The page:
Published On: Fri, Jul 10th, 2015

What Is An Advisory Board?

by Brad Turville

We are only as good as the team around us, so it makes sense to build your expert entourage right? Kerry Packer was renowned for saying that he was the dumbest man in the room, and that was based on the premise that he would surround himself with experts so he didn’t have to be the expert.

An Advisory Board is key to helping you stay on track to achieve your bold objectives…or maybe first off identifying those objectives. What I find is that advisory board are under-utilised and often improperly structured. BRW release their fastest growing businesses each year and one thing they have in common is that they surround themselves with experts. In most cases, these experts are in the form of an Advisory Board.

How do I run An Advisory Board?

An Advisory Board can be as simple as 2 to 3 individuals that come together to meet 2 to 3 times per year. It is usually made up of the key stakeholders in the business, their accountant (to facilitate the meeting) and a group of select individuals, potentially including your best clients (but don’t get confused with the alternative called a Client Advisory Board). Some silent equity partners may also participate due to their invested interest in the success of the business. The individuals do not become directors of the entity and they are not there to tell you how to do things. They are invited (and paid) to bring their skills and expertise to the table, which is laser focused on asking the hard questions and also to challenge the growth and strategic decision making of the business.

How do I pay Advisory Board Members?

Advisory Board members are typically remunerated and I’ve seen all sorts of arrangements. What I’ve found usually works best is researching what other small to medium sized businesses are paying for board roles just to keep everything uniform and on commercial terms. The point of having an Advisory Board is that you are forming a mastermind to help you grow and innovate your business and they should be remunerated accordingly for their contributions and time. The creation of board position descriptions or a charter will provide clarity on roles and responsibilities and also support the remuneration offered. This is usually a work-in-process so don’t feel like you need to get everything right the first time.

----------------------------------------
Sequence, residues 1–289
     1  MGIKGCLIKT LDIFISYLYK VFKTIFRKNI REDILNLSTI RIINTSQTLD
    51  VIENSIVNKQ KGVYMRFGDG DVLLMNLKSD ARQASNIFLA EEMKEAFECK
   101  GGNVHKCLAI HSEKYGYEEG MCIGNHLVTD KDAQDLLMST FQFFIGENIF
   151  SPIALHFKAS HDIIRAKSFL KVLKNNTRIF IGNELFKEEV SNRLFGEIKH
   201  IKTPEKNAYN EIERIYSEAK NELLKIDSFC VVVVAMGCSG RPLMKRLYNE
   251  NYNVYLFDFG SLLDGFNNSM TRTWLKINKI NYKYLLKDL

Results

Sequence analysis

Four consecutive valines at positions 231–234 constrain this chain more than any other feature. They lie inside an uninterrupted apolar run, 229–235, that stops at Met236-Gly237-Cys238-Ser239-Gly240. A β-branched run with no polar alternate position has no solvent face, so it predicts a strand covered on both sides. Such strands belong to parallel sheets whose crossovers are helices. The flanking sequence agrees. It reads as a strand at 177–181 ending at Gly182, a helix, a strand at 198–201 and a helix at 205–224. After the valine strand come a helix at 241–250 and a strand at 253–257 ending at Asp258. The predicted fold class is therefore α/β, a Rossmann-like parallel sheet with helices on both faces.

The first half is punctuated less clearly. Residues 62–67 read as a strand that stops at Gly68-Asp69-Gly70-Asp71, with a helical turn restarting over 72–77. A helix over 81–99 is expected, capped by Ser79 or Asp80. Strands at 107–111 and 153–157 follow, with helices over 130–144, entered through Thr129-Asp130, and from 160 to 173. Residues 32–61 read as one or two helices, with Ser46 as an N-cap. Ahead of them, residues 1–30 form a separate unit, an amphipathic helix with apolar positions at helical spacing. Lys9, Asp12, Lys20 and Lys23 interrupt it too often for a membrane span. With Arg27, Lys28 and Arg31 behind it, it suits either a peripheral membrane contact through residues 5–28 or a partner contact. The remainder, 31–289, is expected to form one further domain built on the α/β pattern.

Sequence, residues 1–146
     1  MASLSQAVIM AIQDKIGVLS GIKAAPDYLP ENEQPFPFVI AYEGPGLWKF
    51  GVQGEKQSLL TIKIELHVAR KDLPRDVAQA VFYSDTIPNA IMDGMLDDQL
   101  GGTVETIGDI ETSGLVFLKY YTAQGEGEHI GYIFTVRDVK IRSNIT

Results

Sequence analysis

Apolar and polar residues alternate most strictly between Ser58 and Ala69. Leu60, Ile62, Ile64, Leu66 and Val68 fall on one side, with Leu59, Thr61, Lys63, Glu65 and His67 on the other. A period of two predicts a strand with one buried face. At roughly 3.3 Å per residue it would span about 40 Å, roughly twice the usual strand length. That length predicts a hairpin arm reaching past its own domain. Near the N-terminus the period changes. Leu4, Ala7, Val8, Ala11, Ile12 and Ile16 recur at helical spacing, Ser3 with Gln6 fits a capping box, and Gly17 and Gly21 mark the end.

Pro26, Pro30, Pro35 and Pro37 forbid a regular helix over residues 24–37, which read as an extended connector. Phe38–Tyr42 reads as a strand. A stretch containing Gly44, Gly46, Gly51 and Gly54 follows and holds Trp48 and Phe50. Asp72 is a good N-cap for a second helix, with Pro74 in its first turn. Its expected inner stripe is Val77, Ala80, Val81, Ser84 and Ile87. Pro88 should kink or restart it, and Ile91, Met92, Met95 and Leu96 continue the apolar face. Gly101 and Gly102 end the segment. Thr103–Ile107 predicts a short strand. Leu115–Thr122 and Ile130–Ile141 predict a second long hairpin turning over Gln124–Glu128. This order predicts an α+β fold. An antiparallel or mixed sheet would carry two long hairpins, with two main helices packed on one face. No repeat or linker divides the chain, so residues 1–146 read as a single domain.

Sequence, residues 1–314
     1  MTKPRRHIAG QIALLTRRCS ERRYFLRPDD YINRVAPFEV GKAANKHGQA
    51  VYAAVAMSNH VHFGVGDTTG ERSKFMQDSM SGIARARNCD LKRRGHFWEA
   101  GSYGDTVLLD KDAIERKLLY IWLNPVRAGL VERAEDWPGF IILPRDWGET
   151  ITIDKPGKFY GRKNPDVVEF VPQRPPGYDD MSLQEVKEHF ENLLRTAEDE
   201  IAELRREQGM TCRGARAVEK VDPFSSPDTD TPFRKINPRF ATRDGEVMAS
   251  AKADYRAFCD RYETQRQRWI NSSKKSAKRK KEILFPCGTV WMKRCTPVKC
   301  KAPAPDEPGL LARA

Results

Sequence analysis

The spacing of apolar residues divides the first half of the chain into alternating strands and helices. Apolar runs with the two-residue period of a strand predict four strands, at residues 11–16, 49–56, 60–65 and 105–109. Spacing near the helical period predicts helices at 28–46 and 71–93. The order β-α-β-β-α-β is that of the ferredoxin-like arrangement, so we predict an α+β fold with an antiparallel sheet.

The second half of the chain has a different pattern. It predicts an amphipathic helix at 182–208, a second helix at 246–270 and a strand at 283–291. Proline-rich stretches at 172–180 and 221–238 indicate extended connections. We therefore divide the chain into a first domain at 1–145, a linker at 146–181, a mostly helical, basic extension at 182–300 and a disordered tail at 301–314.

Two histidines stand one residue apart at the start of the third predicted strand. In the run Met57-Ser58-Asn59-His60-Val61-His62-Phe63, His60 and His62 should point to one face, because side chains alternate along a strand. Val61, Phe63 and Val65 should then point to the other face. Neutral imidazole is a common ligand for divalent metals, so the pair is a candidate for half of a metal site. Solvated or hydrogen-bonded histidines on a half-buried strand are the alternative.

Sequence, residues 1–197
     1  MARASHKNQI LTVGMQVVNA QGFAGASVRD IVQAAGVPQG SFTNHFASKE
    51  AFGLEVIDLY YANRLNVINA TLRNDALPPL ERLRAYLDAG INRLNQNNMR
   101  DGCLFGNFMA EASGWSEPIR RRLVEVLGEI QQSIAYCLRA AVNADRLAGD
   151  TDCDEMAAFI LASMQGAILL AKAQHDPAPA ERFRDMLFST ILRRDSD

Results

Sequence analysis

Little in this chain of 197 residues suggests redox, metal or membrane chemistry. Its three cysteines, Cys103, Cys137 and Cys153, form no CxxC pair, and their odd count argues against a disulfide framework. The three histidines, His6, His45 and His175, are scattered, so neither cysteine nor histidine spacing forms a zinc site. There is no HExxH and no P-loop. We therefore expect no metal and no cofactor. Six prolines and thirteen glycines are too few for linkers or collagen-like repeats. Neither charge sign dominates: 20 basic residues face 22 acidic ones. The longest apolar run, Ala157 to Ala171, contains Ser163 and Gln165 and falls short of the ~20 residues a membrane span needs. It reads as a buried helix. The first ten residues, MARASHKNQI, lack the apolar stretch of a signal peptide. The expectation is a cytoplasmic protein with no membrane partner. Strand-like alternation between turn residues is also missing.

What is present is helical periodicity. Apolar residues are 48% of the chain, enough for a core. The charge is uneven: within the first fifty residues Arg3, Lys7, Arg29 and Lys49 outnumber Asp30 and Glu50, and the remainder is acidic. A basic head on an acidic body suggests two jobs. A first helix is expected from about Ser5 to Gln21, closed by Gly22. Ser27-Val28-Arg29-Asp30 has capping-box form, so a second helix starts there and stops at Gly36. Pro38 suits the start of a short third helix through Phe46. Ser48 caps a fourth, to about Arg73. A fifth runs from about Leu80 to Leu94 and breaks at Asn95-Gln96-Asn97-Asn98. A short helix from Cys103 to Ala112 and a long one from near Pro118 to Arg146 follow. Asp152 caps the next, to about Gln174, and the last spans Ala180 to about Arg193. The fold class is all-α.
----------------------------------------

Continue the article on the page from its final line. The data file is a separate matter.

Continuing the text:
The types of individuals that would add the most value to your advisory board are those who have built successful businesses in a range of industries, those who have experience in the direction you want your business to go and individuals from large corporations who can bring corporate and global experience to the table (in some cases, your best clients!). Again, they are not there for implementation or execution of strategy, they are there to ask questions and challenge you.

Some of my favourite questions to ask are:

  • what would break first if we grow your business by 10x?
  • what does your business want to be when it grows up?
  • what if you were to do it this way or that way?
  • do you think you should recruit an experienced CEO to direct and drive the business to these levels?
  • is your wife/husband/brother/sister the best person to fill the role they currently hold?

Building and nurturing your advisory board is an ongoing process. Potential candidates may decline your offer, some may become redundant and on the other hand, some may be perfect. Like all things, it’s just a matter of getting started and refining the structure. A wise man once said, “The time will never be right.”

 

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About the Author

- Virtual CFO @ BJT Financial Services. We are experts in tax but I specialise in working with small-medium businesses to improve their condition through what I have found to be 8 key areas.

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